Yesterday I was sent a link, which I posted, about somebody being thrown out of Blackburn Cathedral for 'looking like a BNP member'. Last night I couldn't help wondering what a BNP member actually looks like in the eyes of the Anglican Church. I know that some BNP members wear dog collars and vestments on a Sunday, that came out when their membership list was leaked some time ago. I know that some have skinhead haircuts, but so do lots of men these days. I also know that Nick Griffin is neither a skinhead nor what you might visualise as the epitomy of the master-race, proving, yet again, how ridiculous the Anglican Church now appears to so many of us.
So what of the established church? Like the monarchy, which has served its purpose, I feel that it is outdated and perhaps the church should be disestablished and the United Kingdom become the United Republic. Do either actually add anything positive to our national life?
I have always felt, as a Roman Catholic, that it is not my place to attack the Church of England, or more accurately the established church. This is a protestant country and I live by the rules, as all who live here but are from another religion/culture should. But surely there comes a time when enough is enough.
With regards to the monarchy, then I think their obvious inactivity while our freedoms and liberties, indeed our national independence are eroded, means that the time has come to debate whether they are needed any more. Even 'constitutional monarchs' should stick their heads above the parapet eventually. The Saxe-Coburg-Gothas seem happier looking for mansions to buy in Florida.
So, with my mind running along these lines I came across the following 2008 article by Sean Gabb in The Times:
"In the British Constitution, Church and State are joined. The Queen is head of both. There are 26 Anglican bishops in Parliament.
The weak argument for disestablishment is that only a minority of people in Britain are Anglicans. Why should Catholics or Jews or Muslims or atheists defer officially to an institution that does not represent their beliefs?
This is not in itself a good argument. Establishment is part of the Constitution. If I move to Pakistan or Ireland, I would have to put up with the existing establishments there. Why should it be different with us? If it should be different, it is because the Church of England has ceased to be either intellectually or theologically respectable.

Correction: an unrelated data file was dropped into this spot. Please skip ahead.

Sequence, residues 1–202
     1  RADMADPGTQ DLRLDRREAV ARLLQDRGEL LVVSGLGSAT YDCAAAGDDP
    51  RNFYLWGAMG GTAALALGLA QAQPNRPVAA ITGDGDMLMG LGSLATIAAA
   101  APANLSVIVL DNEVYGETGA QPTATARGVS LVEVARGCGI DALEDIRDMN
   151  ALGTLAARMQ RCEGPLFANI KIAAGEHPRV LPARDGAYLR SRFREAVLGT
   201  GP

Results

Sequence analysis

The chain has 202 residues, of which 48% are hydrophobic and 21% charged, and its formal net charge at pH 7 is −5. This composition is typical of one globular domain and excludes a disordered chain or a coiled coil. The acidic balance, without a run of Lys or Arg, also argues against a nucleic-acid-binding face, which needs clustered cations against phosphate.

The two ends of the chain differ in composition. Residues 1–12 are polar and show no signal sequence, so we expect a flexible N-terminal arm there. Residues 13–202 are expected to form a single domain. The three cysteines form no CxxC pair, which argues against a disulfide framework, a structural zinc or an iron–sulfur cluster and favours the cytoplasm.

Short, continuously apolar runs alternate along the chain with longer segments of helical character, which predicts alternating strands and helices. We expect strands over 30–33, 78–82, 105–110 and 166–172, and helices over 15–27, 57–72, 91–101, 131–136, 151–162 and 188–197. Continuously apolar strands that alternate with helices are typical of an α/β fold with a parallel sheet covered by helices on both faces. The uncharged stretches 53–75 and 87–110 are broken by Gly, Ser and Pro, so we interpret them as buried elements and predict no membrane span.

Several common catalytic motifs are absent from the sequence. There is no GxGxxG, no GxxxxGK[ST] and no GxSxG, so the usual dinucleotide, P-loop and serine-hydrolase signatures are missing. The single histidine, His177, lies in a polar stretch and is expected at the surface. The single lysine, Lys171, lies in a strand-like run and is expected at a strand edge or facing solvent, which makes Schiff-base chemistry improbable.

Anglicanism used to mean Cranmer and Hooker and Tillotson and Warburton and Paley. Malthus and Sydney Smith were Anglican priests. These were men who combined distinction in theological and secular learning with a broadly tolerant outlook.
Nowadays, priests and bishops seem to be less interested in preaching the Gospel than in preaching an embarrassingly naïve socialism.
It may be arguable that the true message of Christ is socialist. It may also be argued that the laws of supply and demand are as much part of the Divine Order as the laws of motion – and that Christians cannot validly pronounce on either without some study of the secular sciences that have uncovered them. If this is true, it is not enough for an Anglican priest to read The Guardian, announce that “God is love” and then make other than embarrassing pronouncements on interest rates and distribution of property.
Now, the problem here is not that so many Anglican spokesmen appear to be of the Left, but that they seem wholly unaware of any other theological perspective on economics and politics.
With this, I regret, goes their almost casual rejection of the Authorised Version of the Bible and the Book of Common Prayer in favour of new versions that are devoid of literary merit.
The Church should be disestablished because it has, in a sense, disestablished itself. It has made itself an object of derision where not of contempt. It should not be allowed to continue representing itself as England at prayer.
The practical argument against disestablishment is that the monarchy would be destabilised. Again, the monarchy has destabilised itself. The settlement by the Glorious Revolution of 1688 was that we would regard the monarch as the Lord’s anointed. The monarch would, in turn, safeguard our liberties. Without mentioning any other dereliction, Her Majesty this year allowed ratification of the Lisbon Treaty, despite its implications for how we govern ourselves, and despite the promise by the Government in 2005 that what became the treaty would not be ratified without a referendum.
Since the monarchy is at best on probation, therefore, and since the Church of England cannot be defended as it has become, the arguments for disestablishment strike me, however sadly, as too strong to be brushed aside.”